St. Luke's nurses vote 'no confidence' toward CEOs
Minnesota Nurses Association nurses state low staff levels and retention rates, which put patients at risk, inspired the vote as they continue to negotiate new contracts. Additionally, Essentia Health nurses are writing to the Benedictine Sisters on the Board of Directors, asking them to advocate for staff and patients.
DULUTH — Twin Ports nurses with the Minnesota Nurses Association have taken a vote of "no confidence" in St. Luke's co-presidents and CEOs Eric Lohn and Nick Van Deelen, the nurses announced at an MNA rally Tuesday afternoon at the St. Luke's campus.
The vote was reached by “well over a supermajority” of MNA nurses at St. Luke’s, said Larissa Hubbertt, a registered nurse at St. Luke’s. The vote was taken as nurses expressed their frustrations with the health care system for not fixing understaffing and employee retention issues, and as St. Luke's and Essentia nurses negotiate for new contracts.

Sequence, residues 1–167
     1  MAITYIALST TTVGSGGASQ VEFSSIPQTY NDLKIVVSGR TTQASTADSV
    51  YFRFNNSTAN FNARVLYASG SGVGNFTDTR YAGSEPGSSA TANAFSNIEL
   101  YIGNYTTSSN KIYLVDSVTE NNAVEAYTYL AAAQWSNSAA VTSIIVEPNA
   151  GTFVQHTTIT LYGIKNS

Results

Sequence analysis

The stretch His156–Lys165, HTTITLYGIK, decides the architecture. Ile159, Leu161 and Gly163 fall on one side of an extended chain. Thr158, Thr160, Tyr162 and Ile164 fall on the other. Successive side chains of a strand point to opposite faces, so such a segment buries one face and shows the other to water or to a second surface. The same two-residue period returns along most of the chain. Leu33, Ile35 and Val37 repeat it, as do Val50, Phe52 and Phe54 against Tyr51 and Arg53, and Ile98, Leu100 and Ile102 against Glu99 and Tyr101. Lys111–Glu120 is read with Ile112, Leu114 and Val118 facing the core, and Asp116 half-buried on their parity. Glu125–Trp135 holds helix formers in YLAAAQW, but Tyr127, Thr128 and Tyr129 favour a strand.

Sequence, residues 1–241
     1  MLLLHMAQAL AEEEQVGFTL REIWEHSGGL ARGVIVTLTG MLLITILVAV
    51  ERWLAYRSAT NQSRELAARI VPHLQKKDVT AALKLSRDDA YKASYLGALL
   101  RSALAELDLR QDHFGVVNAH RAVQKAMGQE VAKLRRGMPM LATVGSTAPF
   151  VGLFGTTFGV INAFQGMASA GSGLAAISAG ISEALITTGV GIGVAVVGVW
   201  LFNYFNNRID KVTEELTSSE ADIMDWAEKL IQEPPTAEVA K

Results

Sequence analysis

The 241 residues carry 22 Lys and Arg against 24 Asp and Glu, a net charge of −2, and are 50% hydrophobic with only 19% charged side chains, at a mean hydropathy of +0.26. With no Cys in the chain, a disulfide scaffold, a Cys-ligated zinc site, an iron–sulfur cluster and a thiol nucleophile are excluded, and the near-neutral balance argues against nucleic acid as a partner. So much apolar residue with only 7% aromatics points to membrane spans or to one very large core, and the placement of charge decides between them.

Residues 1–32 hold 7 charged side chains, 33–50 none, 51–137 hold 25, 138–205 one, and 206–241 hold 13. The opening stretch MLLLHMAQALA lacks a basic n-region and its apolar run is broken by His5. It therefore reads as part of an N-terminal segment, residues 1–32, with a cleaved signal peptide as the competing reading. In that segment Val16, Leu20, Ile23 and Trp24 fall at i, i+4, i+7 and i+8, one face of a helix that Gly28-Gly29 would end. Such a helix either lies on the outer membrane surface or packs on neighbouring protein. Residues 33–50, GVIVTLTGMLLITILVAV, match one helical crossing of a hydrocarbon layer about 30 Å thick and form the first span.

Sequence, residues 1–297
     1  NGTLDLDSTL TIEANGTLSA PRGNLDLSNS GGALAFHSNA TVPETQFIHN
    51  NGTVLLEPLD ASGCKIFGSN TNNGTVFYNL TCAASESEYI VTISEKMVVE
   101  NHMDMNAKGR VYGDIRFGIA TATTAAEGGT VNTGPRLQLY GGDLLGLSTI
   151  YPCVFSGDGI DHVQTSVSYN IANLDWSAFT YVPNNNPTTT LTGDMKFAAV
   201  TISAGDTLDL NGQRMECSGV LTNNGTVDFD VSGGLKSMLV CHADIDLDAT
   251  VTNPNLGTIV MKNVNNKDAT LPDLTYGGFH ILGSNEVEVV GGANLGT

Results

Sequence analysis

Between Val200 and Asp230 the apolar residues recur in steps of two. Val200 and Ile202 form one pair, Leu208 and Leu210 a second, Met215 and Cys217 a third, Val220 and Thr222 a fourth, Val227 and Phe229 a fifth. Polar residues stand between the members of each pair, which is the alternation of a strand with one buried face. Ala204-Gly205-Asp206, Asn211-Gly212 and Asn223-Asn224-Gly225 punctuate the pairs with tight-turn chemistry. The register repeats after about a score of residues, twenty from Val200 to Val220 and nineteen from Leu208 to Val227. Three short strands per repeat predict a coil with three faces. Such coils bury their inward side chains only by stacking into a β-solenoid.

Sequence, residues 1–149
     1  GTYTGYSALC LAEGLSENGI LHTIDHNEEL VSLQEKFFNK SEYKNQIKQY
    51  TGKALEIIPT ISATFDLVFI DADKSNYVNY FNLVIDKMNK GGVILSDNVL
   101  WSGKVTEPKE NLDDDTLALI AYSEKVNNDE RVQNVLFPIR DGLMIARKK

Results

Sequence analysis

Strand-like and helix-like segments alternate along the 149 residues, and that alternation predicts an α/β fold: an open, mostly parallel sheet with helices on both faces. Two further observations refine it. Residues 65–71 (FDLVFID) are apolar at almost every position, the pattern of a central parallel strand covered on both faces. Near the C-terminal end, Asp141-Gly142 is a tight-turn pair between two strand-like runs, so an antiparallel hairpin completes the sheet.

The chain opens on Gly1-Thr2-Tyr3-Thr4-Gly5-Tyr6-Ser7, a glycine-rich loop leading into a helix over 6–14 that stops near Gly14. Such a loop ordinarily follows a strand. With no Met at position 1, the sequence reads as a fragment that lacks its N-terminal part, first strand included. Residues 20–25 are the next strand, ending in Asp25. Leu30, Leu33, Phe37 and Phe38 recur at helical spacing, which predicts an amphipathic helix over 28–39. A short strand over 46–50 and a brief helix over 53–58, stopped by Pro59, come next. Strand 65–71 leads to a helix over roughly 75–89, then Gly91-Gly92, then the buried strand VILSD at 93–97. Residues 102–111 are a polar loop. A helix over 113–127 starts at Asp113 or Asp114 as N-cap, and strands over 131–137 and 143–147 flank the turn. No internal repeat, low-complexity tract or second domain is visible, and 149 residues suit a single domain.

According to Hubbartt, 650 nurses were at St. Luke’s in 2019, and the most recent roster has 510 nurses. She said about half of the nurses in the emergency department have left, and a third of the intensive care unit’s nurses left in 2021.
“That’s centuries of nursing experience we have lost,” Hubbartt said.
When Hubbartt and registered nurse Lorie Olesiak spoke with Lohn and Van Deelen last year, they offered suggestions for ways to improve nurse morale to prevent burnout and nurses leaving. Suggestions included more flexible scheduling and higher wages. Hubbartt said she was told by St. Luke’s management that a plan was being developed to address the staffing shortages, but she and other MNA nurses have not seen any changes.